James A. Michener was one of the world's most popular writers, the author of more than forty books of fiction and nonfiction, including the Pulitzer Prize-winning Tales of the South Pacific, the bestselling novels The Source, Hawaii, Alaska, Chesapeake, Centennial, Texas, Caribbean, and Caravans, and the memoir The World Is My Home. Michener served on the advisory council to NASA and the International Broadcast Board, which oversees the Voice of America. Among dozens of awards and honors, he received America's highest civilian award, the Presidential Medal of Freedom, in 1977, and an award from the President's Committee on the Arts and Humanities in 1983 for his commitment to art in America. Michener died in 1997 at the age of ninety.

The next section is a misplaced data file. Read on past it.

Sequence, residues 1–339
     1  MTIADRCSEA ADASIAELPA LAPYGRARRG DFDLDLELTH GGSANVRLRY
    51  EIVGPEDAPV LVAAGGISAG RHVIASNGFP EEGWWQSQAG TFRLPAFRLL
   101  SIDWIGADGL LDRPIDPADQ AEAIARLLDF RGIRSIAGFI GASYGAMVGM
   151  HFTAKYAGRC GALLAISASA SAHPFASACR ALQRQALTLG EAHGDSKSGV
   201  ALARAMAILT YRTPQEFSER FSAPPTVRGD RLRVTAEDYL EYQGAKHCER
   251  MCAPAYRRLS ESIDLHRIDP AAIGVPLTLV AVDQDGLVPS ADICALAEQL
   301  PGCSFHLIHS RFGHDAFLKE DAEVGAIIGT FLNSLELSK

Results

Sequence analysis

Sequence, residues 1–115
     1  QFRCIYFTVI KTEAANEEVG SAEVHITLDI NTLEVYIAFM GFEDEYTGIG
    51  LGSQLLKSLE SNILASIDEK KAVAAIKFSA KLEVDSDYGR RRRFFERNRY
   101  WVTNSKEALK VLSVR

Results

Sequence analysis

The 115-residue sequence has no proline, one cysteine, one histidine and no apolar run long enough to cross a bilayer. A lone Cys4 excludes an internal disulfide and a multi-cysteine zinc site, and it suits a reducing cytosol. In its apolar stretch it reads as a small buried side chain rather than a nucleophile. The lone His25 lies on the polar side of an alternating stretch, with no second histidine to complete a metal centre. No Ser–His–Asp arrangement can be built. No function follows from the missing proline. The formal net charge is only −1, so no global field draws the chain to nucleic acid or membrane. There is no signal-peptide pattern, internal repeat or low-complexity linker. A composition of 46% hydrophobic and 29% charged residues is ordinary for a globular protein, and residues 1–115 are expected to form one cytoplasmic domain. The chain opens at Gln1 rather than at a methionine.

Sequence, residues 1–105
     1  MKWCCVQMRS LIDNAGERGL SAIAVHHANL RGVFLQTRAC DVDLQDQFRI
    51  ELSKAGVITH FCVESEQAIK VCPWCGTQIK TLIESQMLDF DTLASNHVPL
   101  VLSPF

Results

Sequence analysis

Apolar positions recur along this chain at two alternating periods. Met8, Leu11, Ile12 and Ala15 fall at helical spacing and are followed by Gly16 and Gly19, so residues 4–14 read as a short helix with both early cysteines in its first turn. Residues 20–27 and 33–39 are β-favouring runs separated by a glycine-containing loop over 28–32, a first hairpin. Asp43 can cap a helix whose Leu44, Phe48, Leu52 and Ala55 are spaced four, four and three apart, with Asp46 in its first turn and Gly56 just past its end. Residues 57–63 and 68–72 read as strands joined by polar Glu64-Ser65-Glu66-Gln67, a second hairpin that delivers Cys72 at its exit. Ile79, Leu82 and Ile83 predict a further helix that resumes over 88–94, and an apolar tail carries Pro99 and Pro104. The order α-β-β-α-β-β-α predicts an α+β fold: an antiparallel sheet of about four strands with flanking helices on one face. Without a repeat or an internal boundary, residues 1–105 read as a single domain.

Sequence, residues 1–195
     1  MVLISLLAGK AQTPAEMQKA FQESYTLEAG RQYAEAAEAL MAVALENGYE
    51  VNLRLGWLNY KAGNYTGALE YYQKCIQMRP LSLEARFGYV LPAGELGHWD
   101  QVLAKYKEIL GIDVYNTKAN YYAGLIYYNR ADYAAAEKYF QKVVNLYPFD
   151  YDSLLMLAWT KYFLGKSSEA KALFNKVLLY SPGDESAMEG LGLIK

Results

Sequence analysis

"Engrossing . . . a page-turner in the grand Michener
tradition."--The Washington Post
"A Michener epic is far more than a bedtime reader, it's an experience. Poland is a monumental effort, a magnificent guide to a better understanding of the country's tribulations."--Chicago Tribune
"Stunning . . . an unmatched overview of Polish history . . . The families themselves come very much alive, and through them, Poland itself."--USA Today
"A titanic documentary novel."--The Wall Street Journal